One of my favorite critical observations, one I go back to almost as frequently, if not more frequently, than Roberto Rossellini's pronouncement on late Chaplin, comes from the writer David Ilic, who remarked that the recordings by the British improvisational group AMM were "as alike and unalike as trees." As it happens, Ilic himself appears to have lifted that simile from Glen Sweeney, a founding member of the Third Ear Band (scorers of, among other films, Polanski's infamous MacBeth), who used the phrase to describe his outfit's output. There's a discussion of trees—cypresses, to be precise—in Abbas Kiarostami's new Certified Copy that goes into the implications of that simile in some depth, but...oh, my, where were we?
Ah, yes. As alike and unalike as trees. One could say the same about the films of British director Mike Leigh, and at this late stage of his career it seems that the alikeness is beginning to wear on certain critics. I'm not one of them, and I would (gently) counsel those who take him for granted that they ought not. Because nobody makes films that feel and play the way his do, for better or for worse, and after he's gone, it's doubtful that anybody else is going to. His deep-dish method of creation—involving intensive preparation with his actors and a huge amount of controlled and oft turned-over improvisation—has been much discussed in various venues; but as Leigh himself pointed out in the post-press-screening Q&A for the film the other day (during which various journalists donned all manner of metaphorical "kick me" signs which Leigh did not follow, but did acknowledge the existence of, let's say), it's the finished, polished product that finally counts. I found this particular product thoroughly engrossing, personally galvanizing, and a little problematic all at once. A thoroughly successful Leigh film, in other words, going by a certain yardstick.
The structure of the story is as simple and as obvious as life and/or death; it's right there in the title. Starting in the spring, it chronicles a year in the lives of thoroughly civilized old London couple Tom and Jerri (Jim Broadbent and Ruth Sheen), Jerri's troubled, over-drinking 50-something work colleague Mary (Leslie Manville), the couple's single, solid, slightly dull son Joe (Oliver Maltman), and a few others, most notably Tom's Hull-based pal Ken (Peter Wight), another hard drinker, if you will, and Tom's very quiet older brother Ronnie (David Bradley). Tom and Jerri are cheery, comfortable old lefties who've understood that they're not in a position to change the world anymore, and have gotten to be fine with that (there are times when I could see this film as an update on Leigh's 1988 High Hopes, in which a younger [obviously], punkier, leather-jacketed Sheen played one half of a more agitated couple). Mary's life, on the other hand, is one turmoil after another, and the couple's dealings with this frantic white-wine drunk eventually get one to wondering whether these nice settled folks are really all that nice. Because Mary is very clearly an alcoholic; not only is the A-word never once dropped in the film, Jerri, who's a therapist herself, never even suggests counseling or a support group to Mary until a hammer-dropping scene near the film's end. Then there's Ken, with his gigantic belly and his two cans of lager on the train up to London and his whinging monologues on how his local's now filling up with snotty awful young people. Physically, Wight comes off rather like conservative pundit Bill Bennett, but to tell you the God's honest truth, his character rather reminded me...of me, not much more than a year ago. (Awkward!) He's a mess, in any event, and Tom tries to tell him so...sort of. The couple are so damn polite, so damn indulgent, and all the while they're stifling their own feelings of put-upon-ness and resentment to the point that you understand they're passive-aggressively enabling Mary. It's a rather remarkable portrait of abnormal psych in the postmodern world. And it brims with little uncomfortably accurate touches. A more careless or inexperienced filmmaker would have brought the two drunks together for a romantic folly maybe, but Mary is vividly repelled by Ken in that exact way in which certain heterosexual drunks are with turned off by each other—call it "I may be a mess but I'm not that mess" syndrome. It is all rather terribly sad.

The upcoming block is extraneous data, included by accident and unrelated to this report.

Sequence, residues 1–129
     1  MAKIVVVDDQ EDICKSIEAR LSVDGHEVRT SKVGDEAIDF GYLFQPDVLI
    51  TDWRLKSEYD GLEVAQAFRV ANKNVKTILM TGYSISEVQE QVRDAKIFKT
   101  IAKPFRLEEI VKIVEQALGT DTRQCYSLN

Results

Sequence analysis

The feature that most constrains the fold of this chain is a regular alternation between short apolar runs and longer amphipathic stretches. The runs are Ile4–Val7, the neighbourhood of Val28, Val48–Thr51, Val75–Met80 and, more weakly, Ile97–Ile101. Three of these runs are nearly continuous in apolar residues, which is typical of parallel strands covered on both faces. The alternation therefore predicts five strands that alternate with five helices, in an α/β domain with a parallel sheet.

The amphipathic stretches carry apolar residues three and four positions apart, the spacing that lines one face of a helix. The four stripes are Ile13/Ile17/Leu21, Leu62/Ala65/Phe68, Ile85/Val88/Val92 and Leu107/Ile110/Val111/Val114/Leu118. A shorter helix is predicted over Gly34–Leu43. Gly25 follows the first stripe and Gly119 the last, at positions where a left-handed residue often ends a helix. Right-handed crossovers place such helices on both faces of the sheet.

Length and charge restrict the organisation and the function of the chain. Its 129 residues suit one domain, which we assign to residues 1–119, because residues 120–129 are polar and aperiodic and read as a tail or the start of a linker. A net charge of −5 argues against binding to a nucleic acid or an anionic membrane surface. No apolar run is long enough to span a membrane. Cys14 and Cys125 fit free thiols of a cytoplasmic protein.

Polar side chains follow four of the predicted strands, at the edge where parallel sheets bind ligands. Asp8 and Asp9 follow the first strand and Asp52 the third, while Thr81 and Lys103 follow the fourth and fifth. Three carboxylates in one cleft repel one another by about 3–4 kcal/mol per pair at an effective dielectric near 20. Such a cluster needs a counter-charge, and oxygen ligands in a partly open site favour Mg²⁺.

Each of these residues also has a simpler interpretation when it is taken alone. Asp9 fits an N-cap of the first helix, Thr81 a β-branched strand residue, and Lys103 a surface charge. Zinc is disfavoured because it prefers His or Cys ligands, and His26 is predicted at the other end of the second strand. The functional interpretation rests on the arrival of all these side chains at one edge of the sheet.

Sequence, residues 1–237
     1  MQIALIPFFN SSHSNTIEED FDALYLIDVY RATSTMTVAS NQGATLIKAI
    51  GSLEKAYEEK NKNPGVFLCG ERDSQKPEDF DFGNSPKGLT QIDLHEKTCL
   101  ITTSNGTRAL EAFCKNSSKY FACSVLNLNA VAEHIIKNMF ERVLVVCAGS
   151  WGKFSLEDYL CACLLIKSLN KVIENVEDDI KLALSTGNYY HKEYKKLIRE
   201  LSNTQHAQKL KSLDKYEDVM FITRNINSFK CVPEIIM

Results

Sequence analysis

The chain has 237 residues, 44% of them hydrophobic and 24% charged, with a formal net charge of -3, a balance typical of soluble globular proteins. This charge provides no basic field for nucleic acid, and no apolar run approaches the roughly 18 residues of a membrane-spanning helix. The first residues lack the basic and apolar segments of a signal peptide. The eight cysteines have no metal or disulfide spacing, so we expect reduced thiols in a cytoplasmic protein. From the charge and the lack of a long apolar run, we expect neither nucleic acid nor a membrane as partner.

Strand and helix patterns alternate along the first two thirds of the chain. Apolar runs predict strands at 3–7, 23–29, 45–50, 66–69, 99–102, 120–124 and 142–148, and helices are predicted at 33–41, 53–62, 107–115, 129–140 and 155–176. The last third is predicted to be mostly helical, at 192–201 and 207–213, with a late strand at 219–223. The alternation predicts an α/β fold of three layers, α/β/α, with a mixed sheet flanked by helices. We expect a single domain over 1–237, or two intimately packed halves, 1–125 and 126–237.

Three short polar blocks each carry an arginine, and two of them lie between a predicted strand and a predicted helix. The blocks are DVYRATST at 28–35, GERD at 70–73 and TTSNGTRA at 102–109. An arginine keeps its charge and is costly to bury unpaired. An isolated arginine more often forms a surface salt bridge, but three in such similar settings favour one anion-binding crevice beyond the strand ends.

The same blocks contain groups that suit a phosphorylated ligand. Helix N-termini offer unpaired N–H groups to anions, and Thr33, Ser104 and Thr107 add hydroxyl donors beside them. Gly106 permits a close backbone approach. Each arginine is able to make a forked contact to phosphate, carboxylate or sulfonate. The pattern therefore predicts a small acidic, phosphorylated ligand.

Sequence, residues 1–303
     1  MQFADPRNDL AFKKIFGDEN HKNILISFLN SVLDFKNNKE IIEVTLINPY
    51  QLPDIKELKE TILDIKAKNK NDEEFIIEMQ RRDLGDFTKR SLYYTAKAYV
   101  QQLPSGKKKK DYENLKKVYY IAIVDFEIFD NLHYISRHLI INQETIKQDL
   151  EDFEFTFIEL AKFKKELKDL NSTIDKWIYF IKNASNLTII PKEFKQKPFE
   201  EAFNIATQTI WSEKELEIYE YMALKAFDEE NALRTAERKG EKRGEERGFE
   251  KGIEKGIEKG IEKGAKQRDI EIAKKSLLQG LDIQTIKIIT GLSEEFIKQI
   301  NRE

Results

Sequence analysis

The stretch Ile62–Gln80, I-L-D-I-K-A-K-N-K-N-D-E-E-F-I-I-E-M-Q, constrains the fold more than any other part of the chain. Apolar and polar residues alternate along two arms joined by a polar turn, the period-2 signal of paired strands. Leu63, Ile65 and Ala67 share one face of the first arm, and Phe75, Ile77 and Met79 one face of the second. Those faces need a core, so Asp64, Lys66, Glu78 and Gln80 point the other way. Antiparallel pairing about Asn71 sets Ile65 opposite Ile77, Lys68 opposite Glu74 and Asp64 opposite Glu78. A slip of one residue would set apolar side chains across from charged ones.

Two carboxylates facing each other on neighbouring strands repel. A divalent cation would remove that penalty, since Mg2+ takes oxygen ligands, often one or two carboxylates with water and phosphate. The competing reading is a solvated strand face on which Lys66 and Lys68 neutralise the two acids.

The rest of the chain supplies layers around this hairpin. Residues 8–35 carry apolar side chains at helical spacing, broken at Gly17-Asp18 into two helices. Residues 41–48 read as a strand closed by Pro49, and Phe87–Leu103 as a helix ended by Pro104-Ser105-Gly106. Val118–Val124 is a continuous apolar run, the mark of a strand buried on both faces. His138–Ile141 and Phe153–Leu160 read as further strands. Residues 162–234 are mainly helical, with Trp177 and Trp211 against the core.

Lesley Manville's performance as Mary was recently described as a "hate-it-or-love-it turn" by Manohla Dargis in The New York Times; a friend with whom I saw the picture bristled a bit at the film's portrait entire of Mary, calling it cruel. I'm still taking that aspect of the film in, frankly; I was certainly incredibly impressed by the virtuosity of Manville's acting, particularly what she does with her face. Mary has a rather unhealthy romantic fixation on Tom and Jerri's son Joe, and when she ineptly flirts with him, she looks almost as coquettish as she wants to come off. When disappointment or rage hits, as it inevitably does, her face deflates, the lines on it seem to increase, she looks practically corpse-like. Like a corpse that's about to spit, to be exact. There is also sometimes a sense that Mary's drunken on-ness is a bit too vivid, approaching caricature-level; but for all I can tell at this moment, to perceive the performance that way may be some form of...denial? In any event, her work here makes me uncomfortable. As it is damn well meant to, I think.